The present invention provides a method of tempering an article formed from the material having a thickness including surface and midplane layers. In accordance with the method the article is heated so that the material is an essentially stress-free state. "Essentially stress-free" as used herein and in the claims means any stress in the glass will be removed in seconds. Thereafter the article is quenched so that a stress pattern is initiated having the midplane layer in tension and the surface layers in compression. The article is cooled so that the stress pattern is further developed and the article attains the tempered state. The phrase, "further developed" as used herein and in the claims means temperature gradient is transferred into a residual stress distribution which is established during the quenching. The article is at least in part quenched by spraying the surface layers with the coolant consisting essentially of a liquid and a vapor. The coolant is sprayed so the surface tensile stresses of the surface layers are not exceeded and the liquid does not accumulate on the surface layers as a film.

As will be discussed, the foregoing is most easily accomplished with a cryogenic liquid which expands from nozzles to form a two phase flow of liquid droplets and evolved vapor. It has been found by the inventors that such liquid droplets are of such size and distribution that control of the flow rate of the cryogen can ensure that all liquid evaporates upon reaching the surface layers of the article to prevent film formation.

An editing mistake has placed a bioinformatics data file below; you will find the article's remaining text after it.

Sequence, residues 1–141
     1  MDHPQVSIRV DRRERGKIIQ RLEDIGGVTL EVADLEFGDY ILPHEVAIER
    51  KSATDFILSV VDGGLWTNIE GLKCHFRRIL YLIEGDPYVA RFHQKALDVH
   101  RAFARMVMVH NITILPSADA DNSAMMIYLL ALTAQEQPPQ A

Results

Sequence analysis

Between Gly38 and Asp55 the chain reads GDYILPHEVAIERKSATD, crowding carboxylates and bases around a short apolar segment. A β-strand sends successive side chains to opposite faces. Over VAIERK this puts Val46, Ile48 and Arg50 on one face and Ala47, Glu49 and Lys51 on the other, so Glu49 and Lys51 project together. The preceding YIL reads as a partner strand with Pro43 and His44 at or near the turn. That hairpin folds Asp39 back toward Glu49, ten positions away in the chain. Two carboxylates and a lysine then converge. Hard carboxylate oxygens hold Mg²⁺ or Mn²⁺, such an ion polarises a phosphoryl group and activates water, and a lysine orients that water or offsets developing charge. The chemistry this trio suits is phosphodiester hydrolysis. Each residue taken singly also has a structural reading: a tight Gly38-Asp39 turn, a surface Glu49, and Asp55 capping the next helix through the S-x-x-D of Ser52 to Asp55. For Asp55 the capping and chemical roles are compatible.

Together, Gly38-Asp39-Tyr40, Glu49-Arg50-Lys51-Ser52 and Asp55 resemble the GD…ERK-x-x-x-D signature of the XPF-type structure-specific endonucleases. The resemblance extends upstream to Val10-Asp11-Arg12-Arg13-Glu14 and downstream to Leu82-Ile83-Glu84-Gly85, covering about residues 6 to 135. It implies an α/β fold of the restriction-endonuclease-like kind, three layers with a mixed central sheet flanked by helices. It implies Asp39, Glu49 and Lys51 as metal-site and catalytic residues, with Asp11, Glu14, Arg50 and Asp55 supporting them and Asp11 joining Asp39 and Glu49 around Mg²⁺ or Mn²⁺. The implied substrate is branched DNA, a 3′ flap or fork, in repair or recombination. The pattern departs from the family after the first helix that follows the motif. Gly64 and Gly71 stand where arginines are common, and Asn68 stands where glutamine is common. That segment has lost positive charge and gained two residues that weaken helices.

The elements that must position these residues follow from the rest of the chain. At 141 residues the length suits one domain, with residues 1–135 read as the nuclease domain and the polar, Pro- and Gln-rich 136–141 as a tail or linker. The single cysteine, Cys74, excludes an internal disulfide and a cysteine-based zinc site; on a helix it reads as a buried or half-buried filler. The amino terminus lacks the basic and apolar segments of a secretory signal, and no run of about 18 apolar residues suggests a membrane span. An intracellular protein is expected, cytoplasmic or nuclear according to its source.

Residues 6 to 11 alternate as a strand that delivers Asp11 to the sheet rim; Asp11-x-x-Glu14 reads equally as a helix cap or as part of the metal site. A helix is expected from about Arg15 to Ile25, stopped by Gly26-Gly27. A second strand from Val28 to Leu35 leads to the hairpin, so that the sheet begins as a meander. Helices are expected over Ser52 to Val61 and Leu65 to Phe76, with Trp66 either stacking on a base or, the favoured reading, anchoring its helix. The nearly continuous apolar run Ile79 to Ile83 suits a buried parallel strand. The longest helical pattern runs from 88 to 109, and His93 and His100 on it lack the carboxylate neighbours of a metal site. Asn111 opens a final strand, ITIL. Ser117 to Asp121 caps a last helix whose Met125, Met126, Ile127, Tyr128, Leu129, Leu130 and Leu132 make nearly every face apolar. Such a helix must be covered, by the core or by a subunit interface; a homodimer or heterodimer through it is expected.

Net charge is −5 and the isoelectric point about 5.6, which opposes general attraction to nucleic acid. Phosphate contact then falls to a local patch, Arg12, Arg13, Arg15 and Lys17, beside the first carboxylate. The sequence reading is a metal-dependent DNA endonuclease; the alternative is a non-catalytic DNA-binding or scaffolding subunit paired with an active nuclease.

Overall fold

Although the present invention will be described with reference to sheets of glass, the present invention is not limited to any particular material or shape of article to be tempered. For instance, tempering metallic sheets is possible with the present invention as is tempering automobile backlights and sidelights and other glass articles.

BRIEF DESCRIPTION OF THE DRAWING

While the specification concludes with claims distinctly pointing out the subject matter that Applicants' regard as their invention, it is believed that the invention will be better understood when taken in connection with the accompanying drawings in which: